hits Florida and keeps the US on alert

Marina Fernandez 9 min
Hurricane Elsa Tropical storm
Elsa affecting the west coast of the Florida peninsula in the early morning of July 7. Satellite image: NOAA / NESDIS / GOES

At the time of writing this report Elsa is a tropical storm with maximum sustained winds of 100 km / h and higher gusts. According to the latest bulletin (number 29), available from National Hurricane Center (NHC), moving north at 22 km / h over sea, almost parallel to the west coast of the Peninsula Florida, being located at the moment to 115 km to the west-northwest of Tampa, and to 75 km to the south-southwest of Cedar Key, Florida. Its central pressure is 1004 hPa, and winds with tropical storm intensity extend up to 150 km from its center.

Elsa Hurricane Tropical Storm
GOES satellite, infrared channel with the path traveled by Elsa so far, and the projection of her trajectory for the next few days. Image via Meteored Argentina.

On the afternoon of Tuesday, July 6, Elsa managed to re-intensify, becoming a category 1 hurricane, as it was when crossing the eastern Caribbean Sea days ago. At 6 UTC on July 7, Elsa weakened again and has been a tropical storm since then, while the cloud bands of the system leave heavy rains and gusty winds over southwest and central west Florida.

Next Steps of Storm Elsa

According to projections issued by the NHC on its future trajectory, Elsa will move north on the morning of Wednesday, July 7, parallel to the west coast line of the Florida Peninsula. It is expected to make landfall between late this morning and late Wednesday afternoon, along Florida’s northern Gulf Coast.. The system will turn to the north-northeast, followed by a faster movement to the northeast on Thursday night, while traverses the southeastern United States.

Elsa NHC Hurricane USA tropical storm
Possible forecast path of Hurricane Elsa for the next five days, affecting not only the Florida Peninsula, but the southeastern and eastern US Image: NHC.

Before the center of the system makes landfall, some fluctuations in maximum wind intensity cannot be ruled out. Then a classic weakening in the winds of Elsa is expected, as soon as it begins to travel inland.

Alerts current at the time

Rich storm surge alert for the west coast of Florida, from Bonita Beach to the Aucilla River (including Tampa Bay); this Hurricane Watch still in effect for the west coast of Florida from Chassahowitzka to the Steinhatchee River. There is also warning for winds with intensity of tropical storm for the west coast of Florida, from south of Chassahowitzka to Englewood, and north of the Steinhatchee River to the Ochlockonee River. Also included under this alert is the section from the mouth of the St. Marys River, in the state of Georgia, to Little River Inlet, in South Carolina.

Florida won’t be the only state to feel the passing of Storm Elsa.

In addition, a tropical storm watch is in effect north of Little River Inlet in South Carolina, to Chincoteague in Virgia state, Pamlico and Albemarle Sounds. At the same time the NHC announces that: “interests in other parts of the Carolinas, the mid-Atlantic coast, southeastern New England, and the Canadian maritime, they will need to be monitored as Elsa progresses. “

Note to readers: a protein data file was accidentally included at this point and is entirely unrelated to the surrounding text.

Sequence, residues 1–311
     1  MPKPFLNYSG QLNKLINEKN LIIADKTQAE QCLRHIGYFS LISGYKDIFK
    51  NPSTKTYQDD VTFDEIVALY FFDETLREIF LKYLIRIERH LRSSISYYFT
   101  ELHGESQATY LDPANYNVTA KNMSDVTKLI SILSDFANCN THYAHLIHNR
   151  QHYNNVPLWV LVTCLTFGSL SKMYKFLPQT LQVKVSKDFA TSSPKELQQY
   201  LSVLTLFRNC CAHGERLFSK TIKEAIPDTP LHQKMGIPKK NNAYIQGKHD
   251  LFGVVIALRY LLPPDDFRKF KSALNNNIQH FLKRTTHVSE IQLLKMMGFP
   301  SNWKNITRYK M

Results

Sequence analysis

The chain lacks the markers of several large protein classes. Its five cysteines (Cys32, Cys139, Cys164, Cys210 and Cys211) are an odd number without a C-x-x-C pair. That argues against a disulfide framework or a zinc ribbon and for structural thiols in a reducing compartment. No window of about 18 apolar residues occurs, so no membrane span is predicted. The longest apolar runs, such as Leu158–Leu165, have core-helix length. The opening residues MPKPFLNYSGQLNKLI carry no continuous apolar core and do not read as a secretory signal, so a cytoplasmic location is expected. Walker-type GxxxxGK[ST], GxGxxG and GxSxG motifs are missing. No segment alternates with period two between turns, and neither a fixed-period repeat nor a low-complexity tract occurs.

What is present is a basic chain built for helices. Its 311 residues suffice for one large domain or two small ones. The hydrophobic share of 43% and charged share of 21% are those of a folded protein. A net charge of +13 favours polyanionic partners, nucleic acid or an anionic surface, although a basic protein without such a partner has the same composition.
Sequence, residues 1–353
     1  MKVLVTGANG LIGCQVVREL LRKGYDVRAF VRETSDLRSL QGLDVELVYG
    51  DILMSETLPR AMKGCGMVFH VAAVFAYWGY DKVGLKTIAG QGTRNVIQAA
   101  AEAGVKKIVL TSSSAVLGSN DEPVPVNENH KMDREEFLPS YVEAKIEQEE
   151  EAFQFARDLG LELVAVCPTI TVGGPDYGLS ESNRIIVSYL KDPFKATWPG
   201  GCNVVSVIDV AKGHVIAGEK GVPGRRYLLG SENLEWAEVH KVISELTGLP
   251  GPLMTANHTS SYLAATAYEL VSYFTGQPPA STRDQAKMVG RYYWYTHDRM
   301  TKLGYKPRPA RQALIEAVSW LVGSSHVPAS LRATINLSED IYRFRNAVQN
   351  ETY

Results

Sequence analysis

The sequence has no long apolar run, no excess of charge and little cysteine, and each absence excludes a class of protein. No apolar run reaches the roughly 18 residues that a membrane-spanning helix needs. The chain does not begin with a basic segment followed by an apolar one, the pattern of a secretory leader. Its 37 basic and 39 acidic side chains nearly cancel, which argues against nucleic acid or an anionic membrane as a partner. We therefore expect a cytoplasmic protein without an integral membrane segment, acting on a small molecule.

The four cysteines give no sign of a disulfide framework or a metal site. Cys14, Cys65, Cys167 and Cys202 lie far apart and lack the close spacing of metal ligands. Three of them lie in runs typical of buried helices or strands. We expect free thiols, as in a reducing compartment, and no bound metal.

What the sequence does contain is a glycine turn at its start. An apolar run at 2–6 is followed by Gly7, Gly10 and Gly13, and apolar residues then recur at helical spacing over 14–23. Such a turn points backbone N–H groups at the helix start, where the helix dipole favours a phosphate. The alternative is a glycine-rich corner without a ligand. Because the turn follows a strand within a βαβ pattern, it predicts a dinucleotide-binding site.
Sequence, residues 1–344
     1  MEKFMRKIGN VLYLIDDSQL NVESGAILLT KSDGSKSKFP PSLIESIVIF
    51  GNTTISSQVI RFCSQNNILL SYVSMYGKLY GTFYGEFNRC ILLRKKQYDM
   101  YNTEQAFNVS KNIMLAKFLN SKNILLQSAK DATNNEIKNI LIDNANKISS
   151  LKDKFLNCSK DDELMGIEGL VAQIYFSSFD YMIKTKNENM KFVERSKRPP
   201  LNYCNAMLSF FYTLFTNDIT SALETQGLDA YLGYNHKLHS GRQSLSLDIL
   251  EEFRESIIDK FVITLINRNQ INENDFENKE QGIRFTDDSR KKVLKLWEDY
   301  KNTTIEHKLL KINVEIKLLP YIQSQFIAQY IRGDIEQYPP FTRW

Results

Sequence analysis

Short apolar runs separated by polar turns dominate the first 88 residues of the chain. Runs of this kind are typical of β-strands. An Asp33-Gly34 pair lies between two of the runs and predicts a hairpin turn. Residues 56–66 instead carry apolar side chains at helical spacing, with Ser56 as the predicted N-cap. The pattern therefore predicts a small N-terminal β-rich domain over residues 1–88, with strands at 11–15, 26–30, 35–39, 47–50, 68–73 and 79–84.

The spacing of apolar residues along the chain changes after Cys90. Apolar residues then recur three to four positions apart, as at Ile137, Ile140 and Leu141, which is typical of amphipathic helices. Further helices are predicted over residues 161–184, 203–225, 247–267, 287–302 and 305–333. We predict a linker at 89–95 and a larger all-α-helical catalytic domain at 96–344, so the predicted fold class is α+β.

Expected phenomena

Let us remember that the alerts (or warnings) and the surveillance detailed above, imply winds with strong and occasionally destructive gusts, in all listed areas. Hurricane conditions are still possible in the regions under alert reported by the NHC, during this Wednesday morning.

It is expected that tropical storm conditions extend north through the western Florida Peninsula into the region of Big Bend, Florida, in the warning area. In addition, tropical storm conditions are expected throughout the Georgia state coast, late today or tonight, while for the coast of South Carolina They would appear between tonight and early Thursday morning. Tropical storm conditions are possible in the watch area in the mid-Atlantic states between Thursday night and Friday.

The storm surge caused by the force of the wind on the water surface against the coastal areas, combined with the normal astronomical tide, will cause the normally dry areas near the the coast is flooded, due to the increase in the level of the waters that move inland from the coast. The water could reach on the west coast of Florida, heights between 0.6 m y 1.5 m. Also at the mouth of the St. Marys River to the South Santee River in South Carolina, swells of up to 0.6 m are expected.

Regarding the rains, Elsa is expected to impact along the western and northern portions of the Florida Peninsula, with localized maxima of hasta 230 mm., which can result in significant flash and urban flooding, With river floods minor to moderate isolated.

Florida won’t be the only state to feel the storm’s passing Elsa with her abundant rains. In part of southeast of Georgia and Lowcountry of Carolina del Sur, maximums are expected that could reach exceed 150 mm of accumulated rain, while in sectors coastal of North Carolina to him southeast of virginia Rains are also expected, and can reach up to 130 mm accumulated, from now until Thursday night. These heavy rains can leave significant urban and flash flooding. In addition, throughout the Northeast and New England can be registered peaks up to 130 mm between Thursday and Friday, which could lead to isolated flash and urban flooding.

The presence of strong storms with tornadic activity are likely in this type of situation, the tornado threat associated with Elsa’s passing may occur in parts of northern Florida, southeastern Georgia, and the Lowcountry of South Carolina. This hazard will then move into the eastern Carolinas and extreme southeastern Virginia on Thursday.


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